Por. Therefore prepare thee to cut off the flesh, Shed thou no bloud, nor cut thou lesse nor more But iust a pound of flesh: if thou tak’st more Or lesse then a iust pound, be it so much As makes it light or heauy in the substance, Or the deuision of the twentieth part
Of one poore scruple, nay if the scale doe turne But in the estimation of a hayre,
Thou diest, and all thy goods are confiscate
Gra. A second Daniel, a Daniel Iew, Now infidell I haue thee on the hip
Por. Why doth the Iew pause, take thy forfeiture
Shy. Giue me my principall, and let me goe
Bass. I haue it ready for thee, heere it is
Por. He hath refus’d it in the open Court, He shall haue meerly iustice and his bond
Gra. A Daniel still say I, a second Daniel, I thanke thee Iew for teaching me that word
Shy. Shall I not haue barely my principall? Por. Thou shalt haue nothing but the forfeiture, To be taken so at thy perill Iew
Shy. Why then the Deuill giue him good of it: Ile stay no longer question
Por. Tarry Iew,
The Law hath yet another hold on you. It is enacted in the Lawes of Venice,
If it be proued against an Alien,
That by direct, or indirect attempts He seeke the life of any Citizen,
The party gainst the which he doth contriue, Shall seaze one halfe his goods, the other halfe Comes to the priuie coffer of the State, And the offenders life lies in the mercy Of the Duke onely, gainst all other voice. In which predicament I say thou standst: For it appeares by manifest proceeding,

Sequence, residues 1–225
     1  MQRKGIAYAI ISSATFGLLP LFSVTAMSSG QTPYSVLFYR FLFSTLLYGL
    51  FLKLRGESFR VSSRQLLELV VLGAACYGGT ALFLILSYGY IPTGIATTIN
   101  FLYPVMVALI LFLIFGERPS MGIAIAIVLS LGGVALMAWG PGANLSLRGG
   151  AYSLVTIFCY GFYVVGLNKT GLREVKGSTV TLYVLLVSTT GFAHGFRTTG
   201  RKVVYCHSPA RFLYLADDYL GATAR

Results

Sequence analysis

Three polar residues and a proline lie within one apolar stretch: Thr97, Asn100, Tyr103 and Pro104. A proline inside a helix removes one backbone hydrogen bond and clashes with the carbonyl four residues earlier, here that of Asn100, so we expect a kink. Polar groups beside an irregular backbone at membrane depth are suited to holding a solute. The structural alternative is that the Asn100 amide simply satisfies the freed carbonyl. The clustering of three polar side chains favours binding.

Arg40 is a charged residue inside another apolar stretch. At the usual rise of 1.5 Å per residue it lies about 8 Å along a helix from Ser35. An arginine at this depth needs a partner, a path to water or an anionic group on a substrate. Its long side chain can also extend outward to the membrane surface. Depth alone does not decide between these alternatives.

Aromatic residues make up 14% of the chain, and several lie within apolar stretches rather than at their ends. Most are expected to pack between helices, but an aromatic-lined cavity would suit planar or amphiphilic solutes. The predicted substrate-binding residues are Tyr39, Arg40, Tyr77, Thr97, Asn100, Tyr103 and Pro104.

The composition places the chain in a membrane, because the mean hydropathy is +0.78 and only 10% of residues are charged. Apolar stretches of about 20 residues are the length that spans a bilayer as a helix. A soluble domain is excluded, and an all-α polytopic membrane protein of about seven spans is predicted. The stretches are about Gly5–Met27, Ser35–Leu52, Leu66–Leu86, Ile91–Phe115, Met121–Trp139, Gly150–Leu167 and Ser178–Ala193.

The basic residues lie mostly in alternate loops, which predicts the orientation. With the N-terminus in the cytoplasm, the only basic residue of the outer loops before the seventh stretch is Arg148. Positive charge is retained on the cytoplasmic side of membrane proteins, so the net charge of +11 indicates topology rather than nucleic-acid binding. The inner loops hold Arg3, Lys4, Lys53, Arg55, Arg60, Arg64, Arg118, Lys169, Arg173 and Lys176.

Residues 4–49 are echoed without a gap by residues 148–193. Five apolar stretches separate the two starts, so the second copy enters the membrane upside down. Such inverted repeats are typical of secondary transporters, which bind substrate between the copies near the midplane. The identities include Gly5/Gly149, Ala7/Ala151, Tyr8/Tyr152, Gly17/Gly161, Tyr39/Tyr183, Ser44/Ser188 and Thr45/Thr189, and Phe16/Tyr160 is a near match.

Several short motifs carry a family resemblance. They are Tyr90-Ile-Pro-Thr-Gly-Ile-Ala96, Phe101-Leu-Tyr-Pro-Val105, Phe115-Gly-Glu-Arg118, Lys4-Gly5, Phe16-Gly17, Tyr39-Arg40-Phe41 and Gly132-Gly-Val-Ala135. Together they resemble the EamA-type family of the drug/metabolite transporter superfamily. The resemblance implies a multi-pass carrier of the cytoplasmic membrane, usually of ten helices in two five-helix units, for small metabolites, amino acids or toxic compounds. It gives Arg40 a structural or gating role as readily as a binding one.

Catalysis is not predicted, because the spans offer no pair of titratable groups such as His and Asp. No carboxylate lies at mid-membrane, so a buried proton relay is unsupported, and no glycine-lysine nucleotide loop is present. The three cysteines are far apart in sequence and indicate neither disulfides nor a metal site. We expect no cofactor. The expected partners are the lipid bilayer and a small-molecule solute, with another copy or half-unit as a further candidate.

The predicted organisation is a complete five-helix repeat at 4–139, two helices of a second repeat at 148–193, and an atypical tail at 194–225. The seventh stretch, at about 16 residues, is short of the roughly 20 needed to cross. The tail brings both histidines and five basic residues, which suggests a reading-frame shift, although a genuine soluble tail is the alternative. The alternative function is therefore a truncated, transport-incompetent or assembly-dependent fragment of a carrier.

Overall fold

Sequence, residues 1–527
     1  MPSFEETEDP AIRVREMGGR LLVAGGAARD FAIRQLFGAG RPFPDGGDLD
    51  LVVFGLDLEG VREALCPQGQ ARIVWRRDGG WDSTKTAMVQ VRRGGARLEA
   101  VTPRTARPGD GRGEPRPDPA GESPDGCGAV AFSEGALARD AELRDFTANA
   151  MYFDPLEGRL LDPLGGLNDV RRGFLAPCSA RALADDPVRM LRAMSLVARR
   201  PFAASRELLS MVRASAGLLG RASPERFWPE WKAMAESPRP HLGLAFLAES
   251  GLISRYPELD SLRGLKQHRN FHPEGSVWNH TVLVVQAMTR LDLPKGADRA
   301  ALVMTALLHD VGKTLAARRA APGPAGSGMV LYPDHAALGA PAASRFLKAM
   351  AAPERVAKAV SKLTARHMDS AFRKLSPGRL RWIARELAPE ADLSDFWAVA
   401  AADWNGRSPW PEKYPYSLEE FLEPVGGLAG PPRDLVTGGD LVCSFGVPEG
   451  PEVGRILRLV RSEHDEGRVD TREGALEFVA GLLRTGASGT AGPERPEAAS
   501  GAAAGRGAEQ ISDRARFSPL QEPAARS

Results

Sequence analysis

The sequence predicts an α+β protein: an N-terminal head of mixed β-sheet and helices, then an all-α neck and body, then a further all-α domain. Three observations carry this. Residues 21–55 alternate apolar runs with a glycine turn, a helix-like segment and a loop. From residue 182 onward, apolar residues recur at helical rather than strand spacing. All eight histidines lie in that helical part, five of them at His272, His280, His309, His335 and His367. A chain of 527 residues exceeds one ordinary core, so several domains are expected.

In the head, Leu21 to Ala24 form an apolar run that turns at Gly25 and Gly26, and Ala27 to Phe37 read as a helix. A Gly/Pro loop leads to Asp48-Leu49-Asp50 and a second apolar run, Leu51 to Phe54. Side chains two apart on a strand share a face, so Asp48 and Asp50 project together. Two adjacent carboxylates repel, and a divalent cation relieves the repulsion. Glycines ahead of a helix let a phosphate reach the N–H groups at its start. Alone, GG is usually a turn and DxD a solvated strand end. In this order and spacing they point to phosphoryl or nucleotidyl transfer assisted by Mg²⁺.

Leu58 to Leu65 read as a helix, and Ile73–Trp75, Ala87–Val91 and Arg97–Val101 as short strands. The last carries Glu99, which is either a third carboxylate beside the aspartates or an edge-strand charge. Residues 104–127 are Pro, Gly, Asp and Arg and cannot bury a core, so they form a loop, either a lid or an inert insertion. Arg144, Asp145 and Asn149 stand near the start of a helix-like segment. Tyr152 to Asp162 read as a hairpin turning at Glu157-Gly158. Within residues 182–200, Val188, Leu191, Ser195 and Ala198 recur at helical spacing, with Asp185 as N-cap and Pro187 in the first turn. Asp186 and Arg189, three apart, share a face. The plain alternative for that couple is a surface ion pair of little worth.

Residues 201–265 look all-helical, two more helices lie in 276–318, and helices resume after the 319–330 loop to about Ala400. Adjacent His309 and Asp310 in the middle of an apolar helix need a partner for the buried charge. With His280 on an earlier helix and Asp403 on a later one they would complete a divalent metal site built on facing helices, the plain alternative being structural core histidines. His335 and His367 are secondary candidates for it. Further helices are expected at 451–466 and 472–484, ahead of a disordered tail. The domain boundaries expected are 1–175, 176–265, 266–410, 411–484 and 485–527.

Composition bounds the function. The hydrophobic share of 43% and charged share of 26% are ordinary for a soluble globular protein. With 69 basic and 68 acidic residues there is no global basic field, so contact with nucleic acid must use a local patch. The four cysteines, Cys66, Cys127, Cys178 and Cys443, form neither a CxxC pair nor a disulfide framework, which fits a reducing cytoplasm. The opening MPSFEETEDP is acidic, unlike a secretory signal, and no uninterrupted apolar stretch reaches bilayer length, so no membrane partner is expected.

That indirectly, and directly to,
Thou hast contriu’d against the very life Of the defendant: and thou hast incur’d
The danger formerly by me rehearst. Downe therefore, and beg mercy of the Duke
Gra. Beg that thou maist haue leaue to hang thy selfe, And yet thy wealth being forfeit to the state, Thou hast not left the value of a cord,
Therefore thou must be hang’d at the states charge
Duk. That thou shalt see the difference of our spirit, I pardon thee thy life before thou aske it: For halfe thy wealth, it is Anthonio’s
The other halfe comes to the generall state, Which humblenesse may driue vnto a fine
Por. I for the state, not for Anthonio
Shy. Nay, take my life and all, pardon not that, You take my house, when you do take the prop That doth sustaine my house: you take my life When you doe take the meanes whereby I liue
Por. What mercy can you render him Anthonio? Gra. A halter gratis, nothing else for Gods sake
Ant. So please my Lord the Duke, and all the Court To quit the fine for one halfe of his goods, I am content: so he will let me haue
The other halfe in vse, to render it Vpon his death, vnto the Gentleman
That lately stole his daughter.
Two things prouided more, that for this fauour He presently become a Christian:
The other, that he doe record a gift Heere in the Court of all he dies possest Vnto his sonne Lorenzo, and his daughter
Duk. He shall doe this, or else I doe recant The pardon that I late pronounced heere
Por. Art thou contented Iew? what dost thou say? Shy. I am content
Por. Clarke, draw a deed of gift
Shy. I pray you giue me leaue to goe from hence, I am not well, send the deed after me,
And I will signe it
Duke. Get thee gone, but doe it
Gra. In christning thou shalt haue two godfathers, Had I been iudge, thou shouldst haue had ten more, To bring thee to the gallowes, not to the font. Enter.
Du. Sir I intreat you with me home to dinner
Por. I humbly doe desire your Grace of pardon, I must away this night toward Padua,
And it is meete I presently set forth
Duk. I am sorry that your leysure serues you not: Anthonio, gratifie this gentleman,
For in my minde you are much bound to him.
Exit Duke and his traine.
Bass. Most worthy gentleman, I and my friend Haue by your wisedome beene this day acquitted Of greeuous penalties, in lieu whereof,
Three thousand Ducats due vnto the Iew We freely cope your curteous paines withall
An. And stand indebted ouer and aboue In loue and seruice to you euermore